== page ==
Solar eclipses in the XXI centuryInfo, Thursday, October 27, 2011 10:09:47
Since the beginning of the inhabitants of different parts of Earth have witnessed so far, 4 total solar eclipse, 6 prastenoobrazni eclipses, one of which was weird, and a mixed one eclipse, according to statistics quoted by DPA . The first total eclipse of the 21st century was on June 21, 2001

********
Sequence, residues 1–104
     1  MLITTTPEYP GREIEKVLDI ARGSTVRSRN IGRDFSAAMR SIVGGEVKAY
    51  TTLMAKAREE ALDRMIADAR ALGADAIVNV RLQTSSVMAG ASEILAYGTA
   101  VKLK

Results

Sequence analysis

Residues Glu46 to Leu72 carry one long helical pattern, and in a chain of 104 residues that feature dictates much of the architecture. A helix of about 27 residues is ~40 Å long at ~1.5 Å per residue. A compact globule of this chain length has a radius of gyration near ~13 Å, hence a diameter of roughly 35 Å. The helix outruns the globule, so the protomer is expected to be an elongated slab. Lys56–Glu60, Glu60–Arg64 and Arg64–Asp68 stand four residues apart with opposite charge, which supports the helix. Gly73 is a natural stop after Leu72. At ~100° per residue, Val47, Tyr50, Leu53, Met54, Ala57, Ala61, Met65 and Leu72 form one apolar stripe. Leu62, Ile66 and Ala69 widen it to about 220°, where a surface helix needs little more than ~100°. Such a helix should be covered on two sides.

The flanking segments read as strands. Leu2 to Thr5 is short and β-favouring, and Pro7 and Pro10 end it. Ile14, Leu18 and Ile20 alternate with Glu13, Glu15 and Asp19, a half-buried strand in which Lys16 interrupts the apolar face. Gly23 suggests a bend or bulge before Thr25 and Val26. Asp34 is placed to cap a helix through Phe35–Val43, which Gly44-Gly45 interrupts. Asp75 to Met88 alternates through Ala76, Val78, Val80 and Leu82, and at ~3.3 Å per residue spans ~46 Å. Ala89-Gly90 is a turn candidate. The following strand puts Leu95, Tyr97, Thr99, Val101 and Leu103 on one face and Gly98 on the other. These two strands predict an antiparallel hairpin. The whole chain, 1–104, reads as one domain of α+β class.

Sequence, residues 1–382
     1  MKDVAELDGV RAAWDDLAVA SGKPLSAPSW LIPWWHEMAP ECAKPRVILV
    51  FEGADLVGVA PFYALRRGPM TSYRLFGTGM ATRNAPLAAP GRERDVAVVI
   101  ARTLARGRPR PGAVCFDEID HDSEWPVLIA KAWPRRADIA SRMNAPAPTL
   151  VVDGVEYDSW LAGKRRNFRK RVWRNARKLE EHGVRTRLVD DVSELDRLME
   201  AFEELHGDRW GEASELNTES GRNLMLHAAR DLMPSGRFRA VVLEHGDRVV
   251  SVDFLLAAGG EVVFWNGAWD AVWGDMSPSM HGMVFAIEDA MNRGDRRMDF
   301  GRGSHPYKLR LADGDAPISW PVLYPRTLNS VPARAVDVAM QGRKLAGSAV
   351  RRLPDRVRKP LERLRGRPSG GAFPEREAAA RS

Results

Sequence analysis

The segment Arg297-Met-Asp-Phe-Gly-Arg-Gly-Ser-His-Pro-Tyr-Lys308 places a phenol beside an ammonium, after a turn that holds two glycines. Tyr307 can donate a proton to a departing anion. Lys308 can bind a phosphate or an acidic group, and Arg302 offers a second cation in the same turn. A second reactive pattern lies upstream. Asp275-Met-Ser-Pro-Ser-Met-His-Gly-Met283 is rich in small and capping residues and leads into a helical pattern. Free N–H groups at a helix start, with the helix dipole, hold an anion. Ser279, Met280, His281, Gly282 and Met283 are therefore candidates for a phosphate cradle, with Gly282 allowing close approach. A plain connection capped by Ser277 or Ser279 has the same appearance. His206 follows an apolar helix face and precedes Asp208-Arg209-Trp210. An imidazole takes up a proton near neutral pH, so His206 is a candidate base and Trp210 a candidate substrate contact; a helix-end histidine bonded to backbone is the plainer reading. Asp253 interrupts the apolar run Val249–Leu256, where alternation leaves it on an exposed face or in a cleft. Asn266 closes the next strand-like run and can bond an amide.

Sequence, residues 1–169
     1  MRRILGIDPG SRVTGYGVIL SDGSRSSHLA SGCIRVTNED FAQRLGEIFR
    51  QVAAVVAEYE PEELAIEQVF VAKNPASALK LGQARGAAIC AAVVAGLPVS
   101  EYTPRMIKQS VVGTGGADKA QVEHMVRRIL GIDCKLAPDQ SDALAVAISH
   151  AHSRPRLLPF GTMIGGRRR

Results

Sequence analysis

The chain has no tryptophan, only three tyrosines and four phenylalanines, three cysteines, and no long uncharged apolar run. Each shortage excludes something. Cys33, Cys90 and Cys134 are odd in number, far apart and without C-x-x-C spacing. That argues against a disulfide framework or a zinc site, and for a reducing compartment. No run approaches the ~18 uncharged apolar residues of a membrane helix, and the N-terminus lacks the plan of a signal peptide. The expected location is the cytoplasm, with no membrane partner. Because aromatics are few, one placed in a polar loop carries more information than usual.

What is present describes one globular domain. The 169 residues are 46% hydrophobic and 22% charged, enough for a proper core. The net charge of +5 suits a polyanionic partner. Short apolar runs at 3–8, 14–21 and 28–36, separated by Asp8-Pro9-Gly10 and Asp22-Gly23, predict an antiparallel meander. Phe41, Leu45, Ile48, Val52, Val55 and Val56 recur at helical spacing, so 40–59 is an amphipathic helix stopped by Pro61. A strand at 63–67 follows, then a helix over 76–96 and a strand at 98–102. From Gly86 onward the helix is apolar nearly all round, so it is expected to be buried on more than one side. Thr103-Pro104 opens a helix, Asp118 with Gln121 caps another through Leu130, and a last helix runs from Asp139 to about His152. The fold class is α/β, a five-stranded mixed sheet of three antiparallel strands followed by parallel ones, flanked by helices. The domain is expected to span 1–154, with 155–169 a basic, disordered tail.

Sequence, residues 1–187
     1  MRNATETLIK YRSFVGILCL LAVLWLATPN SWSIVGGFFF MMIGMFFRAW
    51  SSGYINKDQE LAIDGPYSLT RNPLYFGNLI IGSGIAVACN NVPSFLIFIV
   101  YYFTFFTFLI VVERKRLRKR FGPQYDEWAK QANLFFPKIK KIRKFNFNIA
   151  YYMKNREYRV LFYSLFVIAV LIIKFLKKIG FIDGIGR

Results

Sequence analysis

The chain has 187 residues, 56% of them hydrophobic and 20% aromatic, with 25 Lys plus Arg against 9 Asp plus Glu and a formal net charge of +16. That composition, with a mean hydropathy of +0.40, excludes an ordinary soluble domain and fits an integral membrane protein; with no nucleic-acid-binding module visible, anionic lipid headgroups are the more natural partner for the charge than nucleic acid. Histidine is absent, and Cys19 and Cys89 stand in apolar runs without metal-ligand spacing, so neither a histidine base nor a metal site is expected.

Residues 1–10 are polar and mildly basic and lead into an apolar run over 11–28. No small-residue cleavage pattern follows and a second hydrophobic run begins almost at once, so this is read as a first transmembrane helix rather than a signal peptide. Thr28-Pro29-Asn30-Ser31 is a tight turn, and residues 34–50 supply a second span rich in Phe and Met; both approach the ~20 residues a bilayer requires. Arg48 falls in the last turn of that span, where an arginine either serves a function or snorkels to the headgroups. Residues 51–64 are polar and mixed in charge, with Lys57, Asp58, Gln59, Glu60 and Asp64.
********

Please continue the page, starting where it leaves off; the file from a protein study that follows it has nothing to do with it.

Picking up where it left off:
It began in the southern Atlantic Ocean and across South Africa and Madagascar before ending in the Indian Ocean. On December 14, 2001 there was a solar eclipse. It started northwest of the Hawaiian Islands before crossing Costa Rica and Nicaragua. On June 10, 2002 was a new solar eclipse. It started from the Indonesian island of Sulawesi, crossed the Pacific and ended off the coast of Mexico. On December 4, 2002 was seen a total eclipse where the moon's shadow passed over Southern Africa and Indian Ocean and reached South Australia. On May 31, 2003 was a solar eclipse observed in the outermost parts of the Northern Hemisphere. According to astronomers, it's weird. His movement was from east to west instead of the typical path from west to east because the moon's shadow passed across the North Pole. The phenomenon was first observed in Scotland, then to Iceland and then Greenland. On April 8, 2005 was the so-called hybrid solar eclipse - again an unusual phenomenon of mixed type in which the eclipse seems to be complete in one part of the way and prastenoobrazno elsewhere. This hybrid eclipse began in the Pacific Ocean southeast of New Zealand as prastenoobrazen phenomenon. He became a total solar eclipse over the open ocean. But until it reaches Costa Rica, it was again turned into a solar eclipse. The phenomenon was then observed in Panama, Colombia and Venezuela. On October 3, 2005 there was a solar eclipse. It was observed over the Atlantic Spain, Mediterranean, North Africa and Indian Ocean. On March 29, 2006 Total solar eclipse crossed half the Earth, passed over Brazil, Atlantic Ocean, Africa, Turkey, Caucasus, Russia, Kyrgyzstan and Mongolia. On September 22, 2006 solar eclipse was observed first in Venezuela, then Brazil, then in the south Atlantic. On August 1, 2008 had a total solar eclipse that crossed half the earth by way of the moon's shadow on the ground stretched from Canada to northern Greenland, the Arctic, central Russia, Mongolia and China. On January 26, 2009 solar eclipse was observed over the Indian Ocean and Indonesia. The next solar eclipse today after a total solar eclipse will occur on January 15, 2010, recalls the topic Wednesday. The next total eclipse will be on hand July 11, 2010 However, it will be almost entirely over the southern Pacific Ocean. His witnesses will be Easter Island, known for its odd rock solid figures. Otherwise, statistics show that ancient astronomers were first documented solar eclipse in China 4000 years ago, added Monday. One of the most ancient legends associated with this phenomenon, describes Chinese emperor who ordered the execution of two court astronomers who failed to predict the solar eclipse. Today's total eclipse will last longest in part, the astronomers estimated between 6 minutes and 39 seconds and 6 minutes and 44 seconds recall AFP and DPA. That record, however, will be placed over an almost uninhabited area of the Pacific. The record will be improved until 2132 so that today's phenomenon is defined by experts as the longest total solar eclipse for the entire 21st century, noted AFP and DPA. Moon shadow will slide on the ground in a corridor with a length of 15,000 km and a width of 200 km. Way of the lunar shadow will pass through India, Nepal, Bhutan, Bangladesh, Myanmar, China and finally will reach the southern Japanese islands of the Ryukyu archipelago, located between Taiwan and Kyushu Island, recalled Monday. In these areas, the phenomenon will be full, while in most of East Asia and Indonesia would have only a partial eclipse, recalled Monday.
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